The open question is thus whether Xi can succeed with this approach—not only in leapfrogging the US AI industry, but also in securing the quantum advantages that would likely flow to China’s overall national economic competitiveness and advanced military capabilities. This would require the development of a Chinese AI ecosystem with an intimate, informal, and mutually beneficial collaboration between state-run research institutions, the PLA, and private-sector firms. Such a culture has been singularly lacking in the past. China also would need a revolutionary new approach to incentivizing AI research and development, intellectual-property protection, and market valuation. If, instead, China applies the blunt instrument of its much touted “mixed economy” model, whereby major private-sector players like Huawei, Alibaba, and Baidu are invited to take equity to “fix” state-owned enterprises in the sector—or, even worse, have SOEs invest in them—the results are likely to be negative. Nonetheless, given the strategic significance of AI, the Chinese system is already allocating large-scale fiscal resources to the task. China recognizes that much of this capital will be misallocated, but Beijing considers this as the price to be paid in the Chinese system to generate partial progress.
Surpassing the United States in AI therefore looms as a decade-long undertaking, rather than something realizable in the nearer term. China’s strategic resolve, however, is now clear. China also is acutely aware of the consequences for the US semiconductor industry if Washington’s export bans are implemented in full. The US technology industry is itself chronically dependent on the China market for its own historical profitability levels. Moreover, it is the industry’s export earnings that fund reinvestment in its own world-leading R&D in semiconductors, keeping US firms as global leaders in the field. If this export revenue is cut off, the US government is unlikely to step in to subsidize these firms, which is why China has some confidence that there will continue to be significant “leakage” of product and technology from a number of US semiconductor suppliers for some years to come.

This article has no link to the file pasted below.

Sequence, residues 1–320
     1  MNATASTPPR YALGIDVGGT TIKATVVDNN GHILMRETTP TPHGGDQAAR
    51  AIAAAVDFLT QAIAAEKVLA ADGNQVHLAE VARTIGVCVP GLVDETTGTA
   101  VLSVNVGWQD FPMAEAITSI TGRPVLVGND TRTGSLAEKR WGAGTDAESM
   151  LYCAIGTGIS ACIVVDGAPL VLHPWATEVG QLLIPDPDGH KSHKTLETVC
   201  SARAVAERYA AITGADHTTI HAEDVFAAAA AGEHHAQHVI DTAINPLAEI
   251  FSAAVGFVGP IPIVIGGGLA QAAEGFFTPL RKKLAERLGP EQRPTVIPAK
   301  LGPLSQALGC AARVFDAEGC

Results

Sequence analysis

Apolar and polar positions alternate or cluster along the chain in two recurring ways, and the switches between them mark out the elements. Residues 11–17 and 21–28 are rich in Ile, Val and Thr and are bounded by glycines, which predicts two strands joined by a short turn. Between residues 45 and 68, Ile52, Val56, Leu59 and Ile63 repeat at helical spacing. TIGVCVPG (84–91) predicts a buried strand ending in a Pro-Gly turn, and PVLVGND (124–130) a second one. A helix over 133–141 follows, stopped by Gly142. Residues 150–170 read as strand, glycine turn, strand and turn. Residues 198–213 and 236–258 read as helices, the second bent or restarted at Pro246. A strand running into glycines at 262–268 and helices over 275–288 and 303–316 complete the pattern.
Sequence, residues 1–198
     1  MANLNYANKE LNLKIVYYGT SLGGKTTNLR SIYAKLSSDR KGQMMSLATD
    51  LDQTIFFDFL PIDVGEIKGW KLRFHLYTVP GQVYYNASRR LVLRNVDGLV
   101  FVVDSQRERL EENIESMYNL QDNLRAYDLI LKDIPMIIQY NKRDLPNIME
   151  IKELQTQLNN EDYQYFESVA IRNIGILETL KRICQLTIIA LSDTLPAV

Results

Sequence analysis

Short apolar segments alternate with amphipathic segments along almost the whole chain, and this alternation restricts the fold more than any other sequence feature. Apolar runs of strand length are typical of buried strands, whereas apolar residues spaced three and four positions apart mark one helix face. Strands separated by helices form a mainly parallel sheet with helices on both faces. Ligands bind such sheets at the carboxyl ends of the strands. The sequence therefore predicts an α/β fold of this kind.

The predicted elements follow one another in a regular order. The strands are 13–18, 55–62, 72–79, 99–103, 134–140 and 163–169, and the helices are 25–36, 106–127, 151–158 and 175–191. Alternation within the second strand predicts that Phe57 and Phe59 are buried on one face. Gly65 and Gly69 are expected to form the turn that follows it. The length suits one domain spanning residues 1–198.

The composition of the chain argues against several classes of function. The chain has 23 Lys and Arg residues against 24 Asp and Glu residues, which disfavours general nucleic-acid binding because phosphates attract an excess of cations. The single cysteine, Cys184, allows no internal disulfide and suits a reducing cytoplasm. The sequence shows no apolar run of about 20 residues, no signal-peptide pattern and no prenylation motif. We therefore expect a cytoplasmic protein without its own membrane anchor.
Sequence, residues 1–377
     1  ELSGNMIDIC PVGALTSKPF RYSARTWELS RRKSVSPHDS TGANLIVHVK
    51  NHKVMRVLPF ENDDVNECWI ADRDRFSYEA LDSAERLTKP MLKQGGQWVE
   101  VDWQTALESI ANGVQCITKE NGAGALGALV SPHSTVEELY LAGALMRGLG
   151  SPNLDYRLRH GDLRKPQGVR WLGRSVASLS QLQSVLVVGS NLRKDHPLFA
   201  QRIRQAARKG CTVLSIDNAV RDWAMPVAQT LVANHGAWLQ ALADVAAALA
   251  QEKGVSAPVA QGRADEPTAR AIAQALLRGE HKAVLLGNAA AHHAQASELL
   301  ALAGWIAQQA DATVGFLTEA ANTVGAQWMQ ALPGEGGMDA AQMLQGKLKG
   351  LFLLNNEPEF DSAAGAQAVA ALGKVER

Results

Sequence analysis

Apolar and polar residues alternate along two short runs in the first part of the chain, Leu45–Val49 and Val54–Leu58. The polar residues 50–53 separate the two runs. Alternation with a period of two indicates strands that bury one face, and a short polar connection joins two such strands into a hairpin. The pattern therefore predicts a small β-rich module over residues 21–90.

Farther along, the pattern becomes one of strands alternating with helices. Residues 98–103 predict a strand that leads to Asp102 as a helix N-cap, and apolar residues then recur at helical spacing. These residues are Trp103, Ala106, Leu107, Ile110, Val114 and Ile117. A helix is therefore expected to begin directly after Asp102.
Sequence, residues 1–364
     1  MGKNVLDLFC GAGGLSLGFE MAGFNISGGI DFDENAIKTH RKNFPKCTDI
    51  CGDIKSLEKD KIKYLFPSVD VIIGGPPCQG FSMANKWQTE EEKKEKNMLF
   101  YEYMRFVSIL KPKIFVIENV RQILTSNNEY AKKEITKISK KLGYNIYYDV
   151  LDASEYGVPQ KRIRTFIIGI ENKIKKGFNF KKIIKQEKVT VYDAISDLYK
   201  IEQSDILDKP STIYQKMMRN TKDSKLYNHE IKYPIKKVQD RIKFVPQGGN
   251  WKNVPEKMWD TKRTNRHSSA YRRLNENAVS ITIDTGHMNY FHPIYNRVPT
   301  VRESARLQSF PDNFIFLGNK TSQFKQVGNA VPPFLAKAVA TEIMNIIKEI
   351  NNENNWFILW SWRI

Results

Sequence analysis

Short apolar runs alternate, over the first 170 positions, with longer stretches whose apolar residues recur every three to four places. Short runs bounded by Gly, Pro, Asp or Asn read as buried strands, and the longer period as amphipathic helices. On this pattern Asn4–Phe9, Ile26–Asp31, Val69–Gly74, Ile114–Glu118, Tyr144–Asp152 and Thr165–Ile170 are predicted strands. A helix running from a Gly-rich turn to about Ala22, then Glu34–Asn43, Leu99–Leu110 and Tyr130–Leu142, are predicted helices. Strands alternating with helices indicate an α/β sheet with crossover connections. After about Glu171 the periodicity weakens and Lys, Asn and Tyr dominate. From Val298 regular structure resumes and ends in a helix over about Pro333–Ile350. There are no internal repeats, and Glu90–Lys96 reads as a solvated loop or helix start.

For these complex reasons, the competitive race between China and the United States for AI dominance over the decade ahead—across R&D, innovation, commercial applications, and military deployment—remains evenly poised. In the overall context of the broader strategic competition now underway between Beijing and Washington, the outcome of this particular technology race is uniquely important.
Establishing a long-term
US national China strategy
In determining an effective national China strategy capable of protecting and advancing its national interests, the United States must adopt the same disciplined approach it applied to the defeat of the Soviet Union. The strategy, however, must be tailored to a different adversary and to radically different national and international circumstances. This pursuit can only be accomplished by understanding the vital US national interests to be protected, together with those of the United States’ principal friends, partners, and, most critically, formal allies. Just as important will be clarity about the organizing principles that will govern the strategy over time, and developing, determining, and implementing the detailed content of this strategy within the first six months of the Biden administration. The time for political whims, focus group-driven tropes, and executive government chaos has passed. The Trump administration did well to sound the China alarm. Its annunciation of a new strategy of “strategic competition” was important. The administration’s execution of this strategy, however, has been chaotic. What is now at stake is the postwar liberal international order that the United States built and, by and large, upheld for the last seventy years.
Defining US core national interests
The cornerstone of US strategy must be a definition of core national interests. This should be the product of a disciplined, time-limited, interagency process. It should also be subject to approval by the leadership of all relevant congressional committees, although this will inevitably be controversial. These bipartisan conclusions should then be incorporated in a presidential directive that is able to win continuing acceptance across administrations.
This codification of core US interests should include the following:
Agreeing on the basic organizing principles for a long-term national strategy
Anew US China strategy must be founded on central organizing principles capable of enduring for the decades ahead. Bear in mind that it took forty years to defeat the Soviet Union between the adoption of the doctrine of containment in 1948 and the terminal events of 1989-1991. Recall as well that 2049 is Xi’s final target date for China to achieve economic and military superpower status and become the center of a new global order. The principles adopted by the United States must therefore remain constant for the long term, while recognizing that their precise policy articulation will necessarily evolve with the changing circumstances of the times. This paper recommends ten core principles to guide future US strategy.